Journalism from the center of the world

‘When a Yanomami becomes a shaman, this is how the spirits descend on him.’ By Joseca Mokahesi (2011)/Masp Collection

Salgueiro’s samba song at this year’s Carnival parade includes a number of terms from Yanomami cosmology that tell us how this Indigenous people conceive of the world, the land they inhabit and their relationship with the forest, and other beings of nature and napëpë, or non-Indigenous people. SUMAÚMA has put together a glossary to help our readers better understand the show to be presented by Salgueiro in Rio de Janeiro’s Sambadrome arena. The glossary draws from the books The Falling Sky (Belknap Press) and The Spirit of the Forest (Companhia das Letras), both co-authored by the Yanomami shaman, thinker, and leader Davi Kopenawa and the French anthropologist Bruce Albert. The two men began their collaboration almost 50 years ago, and their books are grounded in deep friendship, a political commitment to the life of the Yanomami, and Bruce’s honest, rigorous dedication to rendering Davi’s thoughts faithfully when he translates the shaman’s words to other languages-worlds.


The Yanomami people inhabit lands in Brazil and Venezuela and today form one of the largest Indigenous groups in Brazil, with a population of some 31,000 in the states of Amazonas and Roraima. They sustain themselves by hunting, fishing, gathering, and planting and, in some villages, by purchasing food from the city. Ratified as a territory in 1992, their lands extend across 37,000 square miles, [DG1] making theirs the largest Indigenous territory in the country.

The word “Yanomami” derives from a simplification of Yanomamɨ tëpë, which means “human beings.” Some groups living in the western part of the territory apply the term to themselves. “Yanomami” has now come to define the entire ethnic group, while within the six languages making up the Yanomami linguistic family the word for “human being” corresponds to the name of each ethnic group: Yanomam, Yanomamɨ, Sanöma, Ninam, Ỹaroamë, and Ỹanoma.

According to their cosmology, the Yanomami people were created by Omama after their long-ago ancestors, the yaroripë, lost their original form as both humans and animals. Their vital images—or utupë, a constituent part of all beings—entered the cast of entities that are visible only to shamans: the xapiripë. Their skin, however, was transformed into forest animals, or yaropë, who continue to display human characteristics, such as subjectivity and sociability.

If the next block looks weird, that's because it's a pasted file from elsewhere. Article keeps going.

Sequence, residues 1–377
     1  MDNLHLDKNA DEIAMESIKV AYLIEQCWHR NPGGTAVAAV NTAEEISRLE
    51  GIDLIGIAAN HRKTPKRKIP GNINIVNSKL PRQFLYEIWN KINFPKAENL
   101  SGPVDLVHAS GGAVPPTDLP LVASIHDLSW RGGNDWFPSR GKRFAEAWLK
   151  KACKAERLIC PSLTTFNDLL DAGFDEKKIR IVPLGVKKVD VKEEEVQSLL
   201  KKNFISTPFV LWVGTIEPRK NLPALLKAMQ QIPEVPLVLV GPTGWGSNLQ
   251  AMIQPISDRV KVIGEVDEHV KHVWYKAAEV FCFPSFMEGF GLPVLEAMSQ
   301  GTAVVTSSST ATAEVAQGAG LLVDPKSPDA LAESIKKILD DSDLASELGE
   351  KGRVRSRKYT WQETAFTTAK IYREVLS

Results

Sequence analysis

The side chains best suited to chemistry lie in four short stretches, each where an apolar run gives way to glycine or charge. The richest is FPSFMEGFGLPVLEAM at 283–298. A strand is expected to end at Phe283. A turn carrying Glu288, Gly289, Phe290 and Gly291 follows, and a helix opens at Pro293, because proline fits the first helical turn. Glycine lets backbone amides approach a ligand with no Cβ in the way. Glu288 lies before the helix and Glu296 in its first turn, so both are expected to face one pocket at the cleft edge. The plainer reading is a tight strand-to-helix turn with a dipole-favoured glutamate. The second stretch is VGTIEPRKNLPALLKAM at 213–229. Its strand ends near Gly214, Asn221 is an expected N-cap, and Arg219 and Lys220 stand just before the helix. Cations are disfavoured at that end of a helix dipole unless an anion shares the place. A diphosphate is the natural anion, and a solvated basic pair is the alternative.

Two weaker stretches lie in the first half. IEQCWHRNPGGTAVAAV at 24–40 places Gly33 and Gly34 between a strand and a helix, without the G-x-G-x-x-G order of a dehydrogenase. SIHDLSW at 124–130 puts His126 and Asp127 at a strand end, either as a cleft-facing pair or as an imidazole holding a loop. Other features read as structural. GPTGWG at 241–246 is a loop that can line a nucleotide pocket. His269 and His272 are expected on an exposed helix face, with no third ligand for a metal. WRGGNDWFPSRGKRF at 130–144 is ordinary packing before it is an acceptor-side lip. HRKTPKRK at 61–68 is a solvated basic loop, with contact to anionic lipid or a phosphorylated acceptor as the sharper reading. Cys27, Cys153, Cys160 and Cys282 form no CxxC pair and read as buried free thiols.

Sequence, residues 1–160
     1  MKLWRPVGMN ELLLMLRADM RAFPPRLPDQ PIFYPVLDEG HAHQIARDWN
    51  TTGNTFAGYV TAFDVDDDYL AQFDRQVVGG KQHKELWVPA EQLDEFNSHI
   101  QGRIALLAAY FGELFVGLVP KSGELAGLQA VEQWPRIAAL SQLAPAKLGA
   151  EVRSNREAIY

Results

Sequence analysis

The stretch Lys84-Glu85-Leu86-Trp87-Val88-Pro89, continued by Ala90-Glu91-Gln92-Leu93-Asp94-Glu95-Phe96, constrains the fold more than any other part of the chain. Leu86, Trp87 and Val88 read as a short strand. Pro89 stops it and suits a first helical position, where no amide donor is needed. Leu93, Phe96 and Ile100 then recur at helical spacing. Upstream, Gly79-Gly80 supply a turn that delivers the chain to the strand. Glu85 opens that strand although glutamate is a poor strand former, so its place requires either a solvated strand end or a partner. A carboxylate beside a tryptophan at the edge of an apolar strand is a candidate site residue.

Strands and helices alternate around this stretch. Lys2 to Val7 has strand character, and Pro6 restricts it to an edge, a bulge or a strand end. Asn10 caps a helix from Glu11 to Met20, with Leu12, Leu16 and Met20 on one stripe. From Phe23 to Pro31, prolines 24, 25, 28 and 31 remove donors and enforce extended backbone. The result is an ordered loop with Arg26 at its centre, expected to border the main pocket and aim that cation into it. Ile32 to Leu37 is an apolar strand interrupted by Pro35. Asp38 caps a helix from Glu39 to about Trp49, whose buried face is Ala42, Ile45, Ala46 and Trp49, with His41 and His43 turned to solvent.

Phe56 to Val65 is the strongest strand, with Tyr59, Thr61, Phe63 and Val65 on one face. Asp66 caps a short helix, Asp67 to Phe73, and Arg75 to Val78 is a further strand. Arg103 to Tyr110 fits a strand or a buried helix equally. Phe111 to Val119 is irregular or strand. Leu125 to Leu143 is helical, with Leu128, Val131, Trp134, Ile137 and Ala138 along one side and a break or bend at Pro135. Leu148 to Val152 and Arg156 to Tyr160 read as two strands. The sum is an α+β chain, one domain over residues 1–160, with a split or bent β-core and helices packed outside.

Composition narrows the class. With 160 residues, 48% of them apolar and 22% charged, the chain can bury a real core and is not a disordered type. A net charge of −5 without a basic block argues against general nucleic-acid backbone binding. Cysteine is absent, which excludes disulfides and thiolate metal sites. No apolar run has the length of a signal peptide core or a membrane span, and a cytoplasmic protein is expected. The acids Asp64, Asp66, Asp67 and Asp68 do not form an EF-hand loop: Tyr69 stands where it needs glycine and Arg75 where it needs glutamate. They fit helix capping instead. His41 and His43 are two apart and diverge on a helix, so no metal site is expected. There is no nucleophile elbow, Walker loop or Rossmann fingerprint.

Omama and Yoasi

Omama is the creator of the Yanomami, who are the children of Omama and his wife, Thuëyoma, “a fish being that let itself be captured in the appearance of a woman,” as Davi says in The Falling Sky. “Omama had a lot of wisdom. He knew how to create the forest, the mountains, and the rivers, the sky and the sun, the night, the moon and the stars. It was he who made us exist and established our customs in the beginning of time. He was also very beautiful,” says Davi. Omama will be featured near the front of Salgueiro’s parade, represented by a 65-foot-high statue.

In the beginning, there was only Omama and his brother, Yoasi, who “came into existence alone,” without a father or mother. Because Yoasi was jealous, he became Omama’s antagonist. He put malevolent entities on earth to wreak destruction. The origin of death, disease, and all evils is attributed to Yoasi. Omama, on the other hand, wanted people to be immortal, like the sun-being, Mothokari. Davi has often credited Yoasi for the emergence of the napëpë, or non-Indigenous. According to the lyrics of Salgueiro’s samba song, Yoasi thinks he is “righteous,” a veiled allusion to the far-right Bolsonaro movement, which worships guns and despises the forest and its peoples.


The title of Salgueiro’s samba theme song is the word used by Yanomami shamans to refer to the first sky, which fell in ancient times to form today’s earth. The first sky tumbled down after the ancestral yarori pë had committed a series of transgressions. Given the destruction and pollution of the planet by non-Indigenous people today, the Yanomami fear the sky will fall again. Omama, creator of the Yanomami, shaped a “more solid” earth. He planted “huge pieces of metal” from the old sky deep inside the new earth to keep it from collapsing as well—and the napëpë should not dig these out.

Hutukara is also the name of one of the ten Yanomami associations. Founded in 2004 and now led by Davi Kopenawa, the Hutukara Yanomami Association fights for the rights of the Yanomami and Ye’kwana peoples, both inhabitants of Yanomami Indigenous Territory. The association’s logo depicts the present-day world, with its forests, mountains, land, and rivers. On each side of this image are two adornments of macaw feathers, symbolizing the shamans, who are responsible both for protecting the land-forest, or urihi a, and for holding up today’s sky so it won’t fall again.

Hutukara logo. Headed by Davi Kopenawa, this is one of the ten Indigenous associations in Yanomami territory

Urihi a

Urihi a designates the forest and its ground, or the land-forest. It can also refer to a person’s specific birthplace or current home. The land-forest is a living being, so it shouldn’t be treated as a commodity. “What you call ‘nature’ in our language is urihi a, the land-forest, and also its image seen by the shamans, Urihinari a. It is because this image exists that the trees are alive. What we call Urihinari a is the spirit of the forest,” Davi says in the book The Spirit of the Forest.